Coronavirus disease 2019 (COVID-19) has become a global pandemic. While people increasingly seek hospitalization for COVID-19, several hospitals have anecdotally reported fewer patients being treated for other serious conditions, most notably myocardial infarction and stroke.1 This is unexpected, as early reports suggest stroke risk to be greater with COVID-19 due to resultant cardiomyopathy, arrhythmias, hypercoagulability, and shared vascular risk factors.2–4 Acute stroke treatments are highly time-sensitive and impactful (numbers needed to treat, 3–8, to prevent disability).5

We reviewed regional data to test the hypothesis that, in association with COVID-19 mitigation efforts, Stroke Team consultations and reperfusion treatments of intravenous thrombolysis and thrombectomy declined.

Methods

The data that support the findings of this study are available from the corresponding author upon reasonable request.

Stroke Team Database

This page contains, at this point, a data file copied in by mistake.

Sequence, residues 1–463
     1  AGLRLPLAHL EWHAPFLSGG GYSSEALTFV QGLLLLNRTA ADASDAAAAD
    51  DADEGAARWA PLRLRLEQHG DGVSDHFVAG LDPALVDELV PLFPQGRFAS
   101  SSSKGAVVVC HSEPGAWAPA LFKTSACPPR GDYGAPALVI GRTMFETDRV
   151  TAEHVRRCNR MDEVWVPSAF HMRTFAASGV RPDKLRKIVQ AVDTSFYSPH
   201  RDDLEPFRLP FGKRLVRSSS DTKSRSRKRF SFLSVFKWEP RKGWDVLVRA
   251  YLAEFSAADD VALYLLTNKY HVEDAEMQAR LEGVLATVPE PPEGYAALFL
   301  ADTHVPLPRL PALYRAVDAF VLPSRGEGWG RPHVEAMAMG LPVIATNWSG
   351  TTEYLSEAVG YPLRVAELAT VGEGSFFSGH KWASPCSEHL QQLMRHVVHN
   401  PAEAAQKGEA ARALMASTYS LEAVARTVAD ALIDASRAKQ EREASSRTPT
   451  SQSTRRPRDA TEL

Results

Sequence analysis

The University of Cincinnati Stroke Team consists of multidisciplinary stroke specialists who provide 24/7 consultation and direct treatment via telemedicine or in person to all 30 acute care facilities in 23 counties in Southwest Ohio, Northern Kentucky, and Eastern Indiana, capturing ≈2 million inhabitants (Figure I in the Data Supplement). Per a regional protocol, the Stroke Team is activated to discuss potential treatment of all patients with ongoing stroke symptoms and last known well within 24 hours presenting in the emergency department or in the hospital. All activations are prospectively documented by physicians in an internal, secure database for quality assessment.

Study Design